Also known as “strategy deployment,” Hoshin Kanri aligns an organization’s functions and activities within its strategic objectives. The collaborative learning method and resource development system allows organizations to leverage their scarce resources.
KaiNexus sat down with Craig Vercruysse and Joanna Omi—Partner and Consulting Director, respectively, at Moss Adams—to discuss how they’ve used Hoshin to get their clients aligned and help fuel their performance. You can view the full webinar here.
In this webinar you will learn:
- How the Hoshin practice evolves over time
- When to use an X-Matrix vs. an A3
- The relationship between visual management and Hoshin Kanri
- The relationship between developing people and the must-do, can’t fail few Hoshins
Hoshin Kanri as an (S)PDCA
You’re likely familiar with the PDCA (Plan-Do-Check-Act) strategy. Hoshin, however, takes PDCA a step further in that before organizations start planning, they must scan their environment. This helps to ensure all stakeholders understand the need for continuous improvement.
Think of it as an (S)PDCA:
- Scan to fertilize the ground—that is, to encourage team members to provide constructive feedback. Scanning is closely linked to nemawashi, or “pre-discussion,” which lays the foundation for change.
- Plan with the organization’s mission, vision, and values in mind. Identify the True North dimensions and targets, relevant themes, one-year goals, and responsible managers and sub-teams. While planning, don’t forget to play catchball, which promotes alignment by having one person articulate their ideas before “throwing” them to others for feedback.
- Do implement the Hoshin plan on behalf of the organization.
- Check to ensure success by testing the strategic outcomes and holding monthly management meetings.
- Act if and when fall-off occurs. Develop countermeasures if needed.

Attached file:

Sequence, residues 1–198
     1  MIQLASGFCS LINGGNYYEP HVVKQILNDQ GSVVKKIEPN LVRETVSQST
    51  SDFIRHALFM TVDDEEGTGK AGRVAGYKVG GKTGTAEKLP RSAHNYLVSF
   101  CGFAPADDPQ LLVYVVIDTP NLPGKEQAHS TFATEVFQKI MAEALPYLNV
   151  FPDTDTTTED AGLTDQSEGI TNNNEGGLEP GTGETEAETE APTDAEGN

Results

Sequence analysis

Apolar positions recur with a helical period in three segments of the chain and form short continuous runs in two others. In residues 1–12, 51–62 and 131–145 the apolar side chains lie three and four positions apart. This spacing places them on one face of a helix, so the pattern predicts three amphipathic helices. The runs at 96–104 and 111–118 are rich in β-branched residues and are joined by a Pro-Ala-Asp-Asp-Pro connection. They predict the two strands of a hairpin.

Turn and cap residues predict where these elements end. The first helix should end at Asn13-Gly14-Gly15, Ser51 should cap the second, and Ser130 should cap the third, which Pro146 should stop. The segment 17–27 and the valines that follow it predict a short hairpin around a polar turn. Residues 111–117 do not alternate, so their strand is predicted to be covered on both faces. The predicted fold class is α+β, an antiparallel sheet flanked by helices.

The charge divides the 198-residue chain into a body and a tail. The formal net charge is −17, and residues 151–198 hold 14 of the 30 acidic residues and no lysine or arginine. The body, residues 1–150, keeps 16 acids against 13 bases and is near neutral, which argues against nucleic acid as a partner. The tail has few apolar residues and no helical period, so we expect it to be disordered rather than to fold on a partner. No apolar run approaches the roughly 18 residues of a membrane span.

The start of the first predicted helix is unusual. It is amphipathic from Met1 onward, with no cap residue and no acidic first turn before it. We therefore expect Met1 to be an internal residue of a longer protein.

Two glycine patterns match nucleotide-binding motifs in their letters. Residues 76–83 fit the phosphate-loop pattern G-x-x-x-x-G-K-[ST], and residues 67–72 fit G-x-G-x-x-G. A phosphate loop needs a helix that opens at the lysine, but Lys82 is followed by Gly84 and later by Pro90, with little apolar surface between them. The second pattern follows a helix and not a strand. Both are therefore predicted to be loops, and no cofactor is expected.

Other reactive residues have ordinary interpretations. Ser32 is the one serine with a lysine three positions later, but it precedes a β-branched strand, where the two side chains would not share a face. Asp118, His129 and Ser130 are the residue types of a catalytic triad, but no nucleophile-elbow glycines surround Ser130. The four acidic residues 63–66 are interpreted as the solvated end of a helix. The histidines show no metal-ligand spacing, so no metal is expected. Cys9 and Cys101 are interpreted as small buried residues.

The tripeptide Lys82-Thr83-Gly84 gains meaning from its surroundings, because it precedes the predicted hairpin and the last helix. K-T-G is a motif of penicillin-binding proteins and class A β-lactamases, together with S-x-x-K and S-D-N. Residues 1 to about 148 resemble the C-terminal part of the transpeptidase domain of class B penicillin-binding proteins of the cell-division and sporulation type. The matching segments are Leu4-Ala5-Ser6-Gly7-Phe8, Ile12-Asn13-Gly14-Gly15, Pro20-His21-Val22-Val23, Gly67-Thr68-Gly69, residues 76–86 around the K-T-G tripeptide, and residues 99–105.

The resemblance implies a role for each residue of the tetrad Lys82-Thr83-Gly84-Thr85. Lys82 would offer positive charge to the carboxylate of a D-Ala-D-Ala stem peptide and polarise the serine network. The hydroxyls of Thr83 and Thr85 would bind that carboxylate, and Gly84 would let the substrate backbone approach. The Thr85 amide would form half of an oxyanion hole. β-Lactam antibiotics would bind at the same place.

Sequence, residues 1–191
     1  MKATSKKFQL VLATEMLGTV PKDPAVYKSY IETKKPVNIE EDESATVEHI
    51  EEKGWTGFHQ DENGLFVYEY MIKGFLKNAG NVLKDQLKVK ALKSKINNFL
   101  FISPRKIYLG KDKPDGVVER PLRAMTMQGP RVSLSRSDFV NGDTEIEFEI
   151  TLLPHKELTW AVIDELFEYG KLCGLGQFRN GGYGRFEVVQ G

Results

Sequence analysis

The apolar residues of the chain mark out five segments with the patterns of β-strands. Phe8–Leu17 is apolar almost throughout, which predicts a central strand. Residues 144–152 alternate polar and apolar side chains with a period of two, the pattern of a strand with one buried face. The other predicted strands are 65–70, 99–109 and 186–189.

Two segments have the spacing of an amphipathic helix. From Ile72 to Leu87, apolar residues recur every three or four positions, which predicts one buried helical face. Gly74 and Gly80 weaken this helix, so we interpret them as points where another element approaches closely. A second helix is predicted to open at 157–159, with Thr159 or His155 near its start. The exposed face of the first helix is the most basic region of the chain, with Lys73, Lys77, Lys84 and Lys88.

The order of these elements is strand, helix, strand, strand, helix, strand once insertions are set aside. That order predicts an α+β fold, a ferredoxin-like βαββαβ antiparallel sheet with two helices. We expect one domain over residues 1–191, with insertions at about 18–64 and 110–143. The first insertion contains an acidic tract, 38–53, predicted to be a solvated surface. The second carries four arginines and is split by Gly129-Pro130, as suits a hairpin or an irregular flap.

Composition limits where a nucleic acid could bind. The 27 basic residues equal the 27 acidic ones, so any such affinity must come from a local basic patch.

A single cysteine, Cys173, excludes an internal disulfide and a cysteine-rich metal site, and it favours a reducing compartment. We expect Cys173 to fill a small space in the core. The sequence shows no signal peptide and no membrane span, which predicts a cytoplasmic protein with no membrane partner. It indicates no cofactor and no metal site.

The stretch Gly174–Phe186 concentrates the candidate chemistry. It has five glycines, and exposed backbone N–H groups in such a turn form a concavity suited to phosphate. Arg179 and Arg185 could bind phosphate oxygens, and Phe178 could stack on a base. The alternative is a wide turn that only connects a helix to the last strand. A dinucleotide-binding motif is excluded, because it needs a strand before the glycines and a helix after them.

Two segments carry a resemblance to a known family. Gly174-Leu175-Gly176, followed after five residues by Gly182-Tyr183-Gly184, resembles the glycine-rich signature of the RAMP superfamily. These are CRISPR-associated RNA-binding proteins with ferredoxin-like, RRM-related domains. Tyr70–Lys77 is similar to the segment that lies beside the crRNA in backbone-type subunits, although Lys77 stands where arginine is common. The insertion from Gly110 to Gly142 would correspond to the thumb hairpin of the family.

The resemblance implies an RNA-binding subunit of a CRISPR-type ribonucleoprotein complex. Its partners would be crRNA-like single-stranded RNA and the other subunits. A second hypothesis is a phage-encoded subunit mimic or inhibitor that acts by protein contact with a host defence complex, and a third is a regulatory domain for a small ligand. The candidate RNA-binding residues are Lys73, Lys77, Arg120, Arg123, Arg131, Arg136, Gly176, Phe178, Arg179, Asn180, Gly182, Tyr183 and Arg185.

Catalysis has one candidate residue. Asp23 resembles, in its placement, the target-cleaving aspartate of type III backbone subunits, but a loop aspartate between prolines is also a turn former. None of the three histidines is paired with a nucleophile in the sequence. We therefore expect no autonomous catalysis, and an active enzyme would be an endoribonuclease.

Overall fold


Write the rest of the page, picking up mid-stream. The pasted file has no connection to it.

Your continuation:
The environmental scan—which includes an A3i (the “i” stands for “intelligence report”—is a critical addition to the Hoshin process. It allows the organization to see where it is in relation to meeting a specific demand in the marketplace.
When Is an Organization Ready for Hoshin Kanri?
Hoshin represents an opportunity to develop people across all levels of the organization. The first step is exploration, with the aim of gaining a basic understanding of Lean tools and applications.
In simple terms, to understand Hoshin, the organization must be familiar with Lean strategy. The next step includes early attempts at deploying Hoshin. At this time, the process is not cascaded beyond leadership, and the organization might start testing tiered measurement and visibility walls.
In the third step, Hoshin is cascaded through several tiers of the organization. It is not fully integrated, but begins to be reflected in the daily management system.
Finally, in the fourth step, Hoshin is cascaded from the top throughout the organization. It rolls up from the Gemba in this way—for instance, think of the often-told story of a NASA janitor who proudly claimed, “I help put a man on the moon.”
Let’s go back to the word “tier” for a moment. It’s worth noting that Hoshin functions across four levels:
- Tactical (executive) – Providing a vision for the organization
- Operational (director) – Taking the organization’s vision and bringing it to a particular department
- Active (manager) – Focusing on a specific portion of a departmental problem
- PDCA (staff) – Continually testing alternatives to assess the problem
And testing is essential—Hoshin Kanri, after all, is a multi-year process that can evolve over time based on the direction the organization is taking.
That's all for now, for more information on this topic, check out the full webinar!